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Confessions of the Very First Zombie Slayer: Guest Post and Promo

Wednesday, May 7, 2014

The world is Cassie Fremont’s playground. Her face is on the cover of every newspaper, she has no homework, no curfew, and no credit limit, and she spends her days traveling the country with her friends, including a boy who would flirt with death just to turn her head. Life is just about perfect—except that those newspaper headlines are about her bludgeoning her crush to death with a paintball gun, she has to fight ravenous walking corpses every time she steps outside, and one of her friends is still missing, trapped somewhere in the distant, practically impassable wreckage of Manhattan. Still, Cassie’s an optimist. More prone to hysterical laughter than hysterical tears, she’d rather fight a corpse than be one, and she won’t leave a friend stranded when she can simply take her road trip to impossible new places to find her, even if getting there means admitting to that boy that she might just love him, too. Skillfully blending effective horror with unexpected humor, this diary-format novel is a fast-paced and heartwarming read.

Goodreads Summary


What Made You Write Such a Nontraditional Male Lead?

When offered the dizzying freedom to write on any topic I wanted for this guest spot, I gave a lot of thought to what question I wished someone had asked me about Confessions of the Very First Zombie Slayer (That I Know of) that no one had.

I've been asked a lot about zombies, about the heroine, Cassie, and about writing itself, but even though several early readers have commented on how much they enjoy her partner in zombie survival, Norman, and how different he is from what they expected, I've hardly had the chance to talk about him, apart from once being asked if he's based on someone I know.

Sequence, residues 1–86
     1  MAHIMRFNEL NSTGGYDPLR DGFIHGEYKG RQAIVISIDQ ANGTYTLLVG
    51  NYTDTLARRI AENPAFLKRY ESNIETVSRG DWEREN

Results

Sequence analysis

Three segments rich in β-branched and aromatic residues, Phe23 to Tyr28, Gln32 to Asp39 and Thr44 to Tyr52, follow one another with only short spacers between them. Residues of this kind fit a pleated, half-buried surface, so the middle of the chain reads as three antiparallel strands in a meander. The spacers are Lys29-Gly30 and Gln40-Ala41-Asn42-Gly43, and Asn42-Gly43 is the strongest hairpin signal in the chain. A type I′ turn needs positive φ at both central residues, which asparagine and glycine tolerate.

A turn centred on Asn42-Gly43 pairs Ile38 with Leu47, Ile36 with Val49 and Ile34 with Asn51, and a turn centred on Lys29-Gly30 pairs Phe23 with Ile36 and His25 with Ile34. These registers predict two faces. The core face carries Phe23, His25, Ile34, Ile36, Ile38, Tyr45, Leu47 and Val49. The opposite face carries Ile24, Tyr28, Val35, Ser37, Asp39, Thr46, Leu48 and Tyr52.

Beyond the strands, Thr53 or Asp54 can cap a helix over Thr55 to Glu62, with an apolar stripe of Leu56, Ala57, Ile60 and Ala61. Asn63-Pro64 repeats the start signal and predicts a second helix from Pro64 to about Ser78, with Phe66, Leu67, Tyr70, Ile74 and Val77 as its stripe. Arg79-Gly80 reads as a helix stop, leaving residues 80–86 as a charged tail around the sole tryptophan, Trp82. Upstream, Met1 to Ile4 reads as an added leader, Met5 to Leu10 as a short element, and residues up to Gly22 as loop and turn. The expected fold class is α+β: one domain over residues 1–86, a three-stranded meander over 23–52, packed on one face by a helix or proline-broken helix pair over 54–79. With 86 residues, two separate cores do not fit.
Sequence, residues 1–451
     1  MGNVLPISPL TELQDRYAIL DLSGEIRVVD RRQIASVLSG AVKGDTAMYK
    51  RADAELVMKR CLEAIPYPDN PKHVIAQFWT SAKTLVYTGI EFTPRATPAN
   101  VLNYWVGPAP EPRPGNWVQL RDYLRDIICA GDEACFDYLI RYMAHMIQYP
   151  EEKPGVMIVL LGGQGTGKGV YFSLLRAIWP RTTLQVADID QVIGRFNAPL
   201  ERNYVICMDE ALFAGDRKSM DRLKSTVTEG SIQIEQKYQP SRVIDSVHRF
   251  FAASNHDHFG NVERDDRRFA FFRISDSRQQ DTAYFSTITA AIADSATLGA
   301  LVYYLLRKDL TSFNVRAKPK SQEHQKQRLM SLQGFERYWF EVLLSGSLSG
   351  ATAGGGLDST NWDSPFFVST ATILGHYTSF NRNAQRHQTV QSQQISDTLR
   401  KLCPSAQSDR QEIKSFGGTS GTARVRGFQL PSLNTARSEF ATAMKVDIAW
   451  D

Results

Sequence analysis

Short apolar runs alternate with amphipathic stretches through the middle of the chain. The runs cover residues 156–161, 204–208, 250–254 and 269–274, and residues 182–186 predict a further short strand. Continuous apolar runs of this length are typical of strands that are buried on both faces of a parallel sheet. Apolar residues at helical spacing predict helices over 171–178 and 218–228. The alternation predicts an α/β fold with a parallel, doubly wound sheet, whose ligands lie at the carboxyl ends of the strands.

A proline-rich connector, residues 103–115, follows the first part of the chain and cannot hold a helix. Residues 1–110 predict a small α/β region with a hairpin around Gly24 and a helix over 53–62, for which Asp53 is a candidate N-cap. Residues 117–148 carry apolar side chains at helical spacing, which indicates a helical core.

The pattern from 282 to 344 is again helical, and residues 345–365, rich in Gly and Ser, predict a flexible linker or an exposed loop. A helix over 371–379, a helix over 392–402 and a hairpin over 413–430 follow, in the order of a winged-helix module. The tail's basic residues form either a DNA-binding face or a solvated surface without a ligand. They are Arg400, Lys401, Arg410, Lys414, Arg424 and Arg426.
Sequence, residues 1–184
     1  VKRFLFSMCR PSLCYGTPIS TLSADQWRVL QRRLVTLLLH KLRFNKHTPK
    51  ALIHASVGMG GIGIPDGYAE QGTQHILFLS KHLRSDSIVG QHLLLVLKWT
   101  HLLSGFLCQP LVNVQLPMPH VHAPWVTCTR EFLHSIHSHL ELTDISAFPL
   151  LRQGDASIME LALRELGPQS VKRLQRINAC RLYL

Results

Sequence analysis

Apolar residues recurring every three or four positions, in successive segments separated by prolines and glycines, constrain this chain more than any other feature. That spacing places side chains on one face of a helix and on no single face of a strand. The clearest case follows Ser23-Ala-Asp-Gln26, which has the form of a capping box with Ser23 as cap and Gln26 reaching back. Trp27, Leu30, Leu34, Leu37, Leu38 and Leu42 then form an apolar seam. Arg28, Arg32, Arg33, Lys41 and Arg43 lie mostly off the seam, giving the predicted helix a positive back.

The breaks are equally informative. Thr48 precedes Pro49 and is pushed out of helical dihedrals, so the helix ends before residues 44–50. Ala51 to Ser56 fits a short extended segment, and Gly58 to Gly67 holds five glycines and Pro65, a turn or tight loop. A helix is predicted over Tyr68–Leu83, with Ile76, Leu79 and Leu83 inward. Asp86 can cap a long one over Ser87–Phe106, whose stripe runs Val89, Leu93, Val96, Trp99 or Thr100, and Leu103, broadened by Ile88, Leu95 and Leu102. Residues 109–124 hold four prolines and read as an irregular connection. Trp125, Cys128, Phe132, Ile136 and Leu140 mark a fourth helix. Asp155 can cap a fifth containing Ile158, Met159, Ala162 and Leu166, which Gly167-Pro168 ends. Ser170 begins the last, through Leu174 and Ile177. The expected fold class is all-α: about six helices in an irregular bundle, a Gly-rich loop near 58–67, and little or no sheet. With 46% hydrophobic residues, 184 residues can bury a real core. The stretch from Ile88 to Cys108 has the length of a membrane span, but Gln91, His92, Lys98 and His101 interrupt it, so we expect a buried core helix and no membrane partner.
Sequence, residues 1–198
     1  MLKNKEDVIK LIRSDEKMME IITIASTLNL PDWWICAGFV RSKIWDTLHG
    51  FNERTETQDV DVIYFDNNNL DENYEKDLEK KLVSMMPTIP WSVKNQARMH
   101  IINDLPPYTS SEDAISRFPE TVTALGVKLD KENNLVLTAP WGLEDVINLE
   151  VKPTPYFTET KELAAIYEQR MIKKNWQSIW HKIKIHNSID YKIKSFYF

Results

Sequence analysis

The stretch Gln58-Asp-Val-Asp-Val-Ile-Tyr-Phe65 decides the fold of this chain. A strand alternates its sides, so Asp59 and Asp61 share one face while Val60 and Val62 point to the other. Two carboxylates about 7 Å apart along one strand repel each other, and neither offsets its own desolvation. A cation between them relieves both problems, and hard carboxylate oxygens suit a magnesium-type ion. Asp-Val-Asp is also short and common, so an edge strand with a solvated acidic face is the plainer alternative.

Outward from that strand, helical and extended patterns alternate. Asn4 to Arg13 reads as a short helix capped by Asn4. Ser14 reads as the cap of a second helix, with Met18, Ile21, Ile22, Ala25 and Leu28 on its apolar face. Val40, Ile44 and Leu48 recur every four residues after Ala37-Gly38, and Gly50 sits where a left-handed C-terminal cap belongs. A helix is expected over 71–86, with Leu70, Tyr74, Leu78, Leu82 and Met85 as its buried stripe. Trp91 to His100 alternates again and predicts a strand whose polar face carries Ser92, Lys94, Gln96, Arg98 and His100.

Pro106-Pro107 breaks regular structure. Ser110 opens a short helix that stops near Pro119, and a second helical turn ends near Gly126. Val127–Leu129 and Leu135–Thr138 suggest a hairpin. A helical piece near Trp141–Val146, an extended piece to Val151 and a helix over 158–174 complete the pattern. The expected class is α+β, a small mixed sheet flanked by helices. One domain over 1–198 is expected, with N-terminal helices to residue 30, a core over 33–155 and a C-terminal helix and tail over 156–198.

So what made me write such a nontraditional male lead?

Part of it has to do with personal taste. I've always had an attraction for comedians. Humor takes both brains and guts to pull off well, both attractive qualities, and cheering me up and keeping the world in perspective by making me laugh is often one of the most helpful things someone close to me can do.

There's more to Norman than my own quirky perspective on what makes a good boyfriend, though. In fact, that's sort of the point.

In YA books, and female-oriented books in general, male characters often run together into a sea of square jaws and chiseled abs. There are brooding bad boys and infinitely patient, righteous good boys, that's often the extent of their personalities, and we're supposed to consider that variety. In the worst cases, the archetypal heartthrobs take over the entire story with their competition to be more male and heartthrob-y than each other, and the female character who's supposedly our hero ends up little more than something for them to rescue.

Even when the female characters are more respectfully written, though, the whole practice of writing male characters for the main purpose of making them lust-worthy has a very similar effect to what happens when the same thing is done with female characters in stories written for a male audience, you know, the ones that end up all cleavage and no soul.